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Reasonable adjustments

Introduction to Reasonable Adjustments

The University of Suffolk aims to ensure that all students achieve their full academic potential. We believe that that no student should be disadvantaged because of a disability in their admission to, and participation in, the learning environment.

Student Services has primary responsibility for working with individual students with disabilities to advise on their support needs. This will most likely take the form of a reasonable adjustment agreement, which is created in collaboration with you (the student) and the disability and wellbeing team.

Faculties, centres and relevant professional services are responsible for ensuring reasonable adjustments are implemented satisfactorily.

The Equality Act

The University of Suffolk is subject to the Equality Act 2010 (the Act) which requires that the Institution pays due regard to the need to equality of opportunity between persons who share a relevant protected characteristic and persons who do not share it.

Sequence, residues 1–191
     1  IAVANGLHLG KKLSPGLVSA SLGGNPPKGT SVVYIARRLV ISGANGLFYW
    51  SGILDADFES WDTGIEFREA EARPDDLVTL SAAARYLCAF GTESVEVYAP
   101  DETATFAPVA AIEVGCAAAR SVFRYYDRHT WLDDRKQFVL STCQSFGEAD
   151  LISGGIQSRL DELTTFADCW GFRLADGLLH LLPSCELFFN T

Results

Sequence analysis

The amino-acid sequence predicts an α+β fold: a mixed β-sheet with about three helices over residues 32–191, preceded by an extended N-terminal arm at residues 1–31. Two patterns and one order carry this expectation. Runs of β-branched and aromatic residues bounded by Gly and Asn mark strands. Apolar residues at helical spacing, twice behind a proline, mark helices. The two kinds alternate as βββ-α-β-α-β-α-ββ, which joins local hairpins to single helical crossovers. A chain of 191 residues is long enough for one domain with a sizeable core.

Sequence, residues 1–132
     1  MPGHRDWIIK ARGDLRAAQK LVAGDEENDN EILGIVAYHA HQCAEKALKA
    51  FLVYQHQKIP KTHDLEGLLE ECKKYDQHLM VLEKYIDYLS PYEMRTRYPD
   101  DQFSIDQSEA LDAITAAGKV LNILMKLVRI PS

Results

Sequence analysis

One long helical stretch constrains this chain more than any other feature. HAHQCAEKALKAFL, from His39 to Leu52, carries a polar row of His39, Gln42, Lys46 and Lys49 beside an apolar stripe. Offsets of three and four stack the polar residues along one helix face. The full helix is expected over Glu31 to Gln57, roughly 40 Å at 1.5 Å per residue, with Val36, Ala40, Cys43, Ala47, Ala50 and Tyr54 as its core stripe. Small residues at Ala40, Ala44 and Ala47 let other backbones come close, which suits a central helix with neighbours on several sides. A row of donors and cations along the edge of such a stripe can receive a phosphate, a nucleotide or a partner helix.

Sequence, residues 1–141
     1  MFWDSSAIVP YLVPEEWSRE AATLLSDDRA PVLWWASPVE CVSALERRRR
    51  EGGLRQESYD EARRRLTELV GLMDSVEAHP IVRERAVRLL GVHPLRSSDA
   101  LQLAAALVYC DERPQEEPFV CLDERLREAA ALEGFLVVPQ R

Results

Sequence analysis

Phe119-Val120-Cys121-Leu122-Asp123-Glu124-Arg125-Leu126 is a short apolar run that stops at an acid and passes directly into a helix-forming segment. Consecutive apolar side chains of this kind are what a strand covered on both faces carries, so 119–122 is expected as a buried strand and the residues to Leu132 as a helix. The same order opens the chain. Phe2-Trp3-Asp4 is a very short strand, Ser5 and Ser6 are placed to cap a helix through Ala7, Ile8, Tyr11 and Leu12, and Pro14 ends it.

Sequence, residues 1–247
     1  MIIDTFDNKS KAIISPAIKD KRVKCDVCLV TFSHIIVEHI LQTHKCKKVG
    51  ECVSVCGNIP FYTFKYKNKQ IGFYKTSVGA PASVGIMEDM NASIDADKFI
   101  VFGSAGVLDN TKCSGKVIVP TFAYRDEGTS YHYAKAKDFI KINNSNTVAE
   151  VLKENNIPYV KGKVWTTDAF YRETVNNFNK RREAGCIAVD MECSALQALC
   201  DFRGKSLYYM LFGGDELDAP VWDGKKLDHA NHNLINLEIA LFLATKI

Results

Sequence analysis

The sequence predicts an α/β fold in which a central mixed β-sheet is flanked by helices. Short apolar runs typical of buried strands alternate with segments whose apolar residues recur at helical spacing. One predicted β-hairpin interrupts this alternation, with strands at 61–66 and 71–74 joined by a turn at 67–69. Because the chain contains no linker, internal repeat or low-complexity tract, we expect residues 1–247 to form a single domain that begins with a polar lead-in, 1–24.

For the purpose of the Act, a person has a disability if they have any impairment (physical or mental) which has a long term adverse effect on their ability to carry out normal day-to-day activities.

According to the Act, the effect of an impairment is considered long-term if:

  • it has lasted at least 12 months
  • the period for which it lasts is likely to be at least 12 months; or
  • it is likely to last for the rest of the life of the person affected.

Progressive conditions such as cancer, HIV and multiple sclerosis are protected by the act from the point of diagnosis, and would therefore be eligible for reasonable adjustments from the outset.

The Act (section 20) confirms the following requirements for reasonable adjustments:

  • where a provision, criterion or practice (of an institution) puts a disabled person at a substantial disadvantage in relation to a relevant matter in comparison with persons who are not disabled, to take such steps as it is reasonable to have to take to avoid the disadvantage.
  • where a physical feature puts a disabled person at a substantial disadvantage in relation to a relevant matter in comparison with persons who are not disabled, to take such steps as it is reasonable to have to take to avoid the disadvantage.
  • where a disabled person would, but for the provision of an auxiliary aid, be put at a substantial disadvantage in relation to a relevant matter in comparison with persons who are not disabled, to take such steps as it is reasonable to have to take to provide the auxiliary aid.